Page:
Tim Vickery’s Notes From South America: Everton Makes Up For Historic Miss At Copa America
A butterfly flaps its wings and the course of the world’s weather is altered. An extra layer on the story of a little onion has an impact on the development of the global game.
The ‘little onion’ in question is Brazilian winger Everton – the nickname comes from a perceived resemblance to a local cartoon character. And for the important layer of the story we have to go back to the end of last October.
Gremio of Brazil were the reigning champions of South America’s Copa Libertadores – and they were very close to having a chance to defend their title. In the first leg of the 2018 semi final they won away to River Plate of Argentina. The following week in Porto Alegre they were a goal up – 2-0 ahead on aggregate – with time running out. Forced to chase the game, the Argentines left themselves open at the back. A pass from Gremio midfielder Cicero put Everton behind River’s defensive line. He was one on one with the goalkeeper.
If he scores, the game is effectively over. River would need three goals in around 15 minutes. Gremio would have made it through to the final. There would have been no historic decider between Boca Juniors versus River Plate. The violence that erupted outside River’s stadium would not have happened. There would have been no need for that controversial decision to take the Libertadores final to Madrid. The plans for the South American 2030 World Cup bid would have not have suffered such a blow. Argentina would not need to try and wipe the slate clean by co-hosting next year’s extra Copa America. The tournament, along the lines of the 2016 version, would probably have taken place in the United States, further enhancing co-operation between Conmebol and Concacaf.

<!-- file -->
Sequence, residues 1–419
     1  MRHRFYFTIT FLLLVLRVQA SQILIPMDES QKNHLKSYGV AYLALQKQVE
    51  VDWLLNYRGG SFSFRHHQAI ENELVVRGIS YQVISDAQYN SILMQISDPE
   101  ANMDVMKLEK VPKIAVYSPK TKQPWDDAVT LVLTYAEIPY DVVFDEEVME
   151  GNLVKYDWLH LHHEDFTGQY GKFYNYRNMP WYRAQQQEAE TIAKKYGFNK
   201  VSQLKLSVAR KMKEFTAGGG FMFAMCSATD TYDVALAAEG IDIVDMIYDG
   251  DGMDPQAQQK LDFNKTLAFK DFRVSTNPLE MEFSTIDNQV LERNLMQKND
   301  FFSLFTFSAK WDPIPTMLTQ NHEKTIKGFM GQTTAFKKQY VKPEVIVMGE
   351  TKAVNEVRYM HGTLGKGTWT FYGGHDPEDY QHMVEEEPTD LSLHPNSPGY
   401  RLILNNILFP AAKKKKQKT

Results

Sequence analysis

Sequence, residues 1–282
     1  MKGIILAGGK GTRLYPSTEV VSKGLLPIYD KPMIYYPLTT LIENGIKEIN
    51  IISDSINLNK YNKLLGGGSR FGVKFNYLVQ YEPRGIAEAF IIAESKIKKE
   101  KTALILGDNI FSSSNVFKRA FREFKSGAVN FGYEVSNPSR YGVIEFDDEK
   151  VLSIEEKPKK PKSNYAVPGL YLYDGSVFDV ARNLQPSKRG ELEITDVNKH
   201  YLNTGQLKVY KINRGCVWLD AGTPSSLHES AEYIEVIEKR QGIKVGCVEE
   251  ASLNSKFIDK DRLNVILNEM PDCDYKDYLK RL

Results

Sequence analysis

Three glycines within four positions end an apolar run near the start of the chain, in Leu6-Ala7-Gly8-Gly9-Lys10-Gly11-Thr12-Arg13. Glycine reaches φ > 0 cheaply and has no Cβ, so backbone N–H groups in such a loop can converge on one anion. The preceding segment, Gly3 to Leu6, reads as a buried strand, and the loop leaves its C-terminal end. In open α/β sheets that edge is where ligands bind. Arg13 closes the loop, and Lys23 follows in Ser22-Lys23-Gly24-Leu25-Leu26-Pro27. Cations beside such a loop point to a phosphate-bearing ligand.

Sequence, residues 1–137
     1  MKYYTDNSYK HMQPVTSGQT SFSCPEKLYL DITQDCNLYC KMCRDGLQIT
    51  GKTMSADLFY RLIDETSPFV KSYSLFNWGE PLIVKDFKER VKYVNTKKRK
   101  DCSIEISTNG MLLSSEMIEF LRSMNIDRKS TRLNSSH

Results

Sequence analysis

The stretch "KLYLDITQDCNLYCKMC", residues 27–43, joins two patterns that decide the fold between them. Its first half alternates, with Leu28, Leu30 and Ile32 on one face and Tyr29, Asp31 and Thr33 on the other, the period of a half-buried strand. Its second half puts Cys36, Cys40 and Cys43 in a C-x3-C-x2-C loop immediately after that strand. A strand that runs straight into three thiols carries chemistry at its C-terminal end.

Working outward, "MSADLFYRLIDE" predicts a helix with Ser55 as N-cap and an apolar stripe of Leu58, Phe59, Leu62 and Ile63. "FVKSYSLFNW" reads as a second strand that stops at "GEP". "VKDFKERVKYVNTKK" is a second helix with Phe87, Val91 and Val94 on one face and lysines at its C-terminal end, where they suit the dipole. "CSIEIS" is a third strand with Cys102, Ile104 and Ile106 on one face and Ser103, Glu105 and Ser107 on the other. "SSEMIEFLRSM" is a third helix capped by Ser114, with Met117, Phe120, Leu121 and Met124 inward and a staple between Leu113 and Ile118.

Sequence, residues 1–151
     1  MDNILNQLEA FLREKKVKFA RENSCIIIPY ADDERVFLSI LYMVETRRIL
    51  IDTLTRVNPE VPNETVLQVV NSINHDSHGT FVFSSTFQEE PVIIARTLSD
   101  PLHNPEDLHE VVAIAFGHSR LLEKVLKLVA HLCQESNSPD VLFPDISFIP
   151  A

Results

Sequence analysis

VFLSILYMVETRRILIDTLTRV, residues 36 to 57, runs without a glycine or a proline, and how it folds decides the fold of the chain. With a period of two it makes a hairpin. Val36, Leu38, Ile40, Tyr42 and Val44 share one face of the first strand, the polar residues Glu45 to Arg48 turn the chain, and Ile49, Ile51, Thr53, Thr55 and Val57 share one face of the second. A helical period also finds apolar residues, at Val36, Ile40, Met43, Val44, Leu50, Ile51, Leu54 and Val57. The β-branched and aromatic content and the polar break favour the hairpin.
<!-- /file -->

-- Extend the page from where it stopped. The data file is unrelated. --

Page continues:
But all of that belongs to an alternative reality – because Everton wasted the chance. His shot was poorly directed, was blocked by the goalkeeper, River took advantage to snatch two late goals, before going on to win a famous victory over Boca and claim the title.
River’s decisive goal against Gremio came from a 95th minute penalty, when the video referee intervened to award hand ball against centre back Bressan.
The unfortunate defender was drummed out of the club, and now represents FC Dallas in the US Major League. Everton, meanwhile, appears to have suffered no ill effects as a consequence of his decisive miss. Instead, he has gone from strength to strength.
He was not even in the Gremio starting line up that night, coming off the bench early in the second half. And now, less than 9 months later, he is a national hero. The break out star of the Copa America, joint top scorer with 3 goals and the man seen as the team’s best representative of the great Brazilian tradition for bold, unpredictable wingplay, he now seems on the verge of a big money move to Arsenal in the Premier League.
Don’t forget to follow World Soccer on Facebook and Twitter.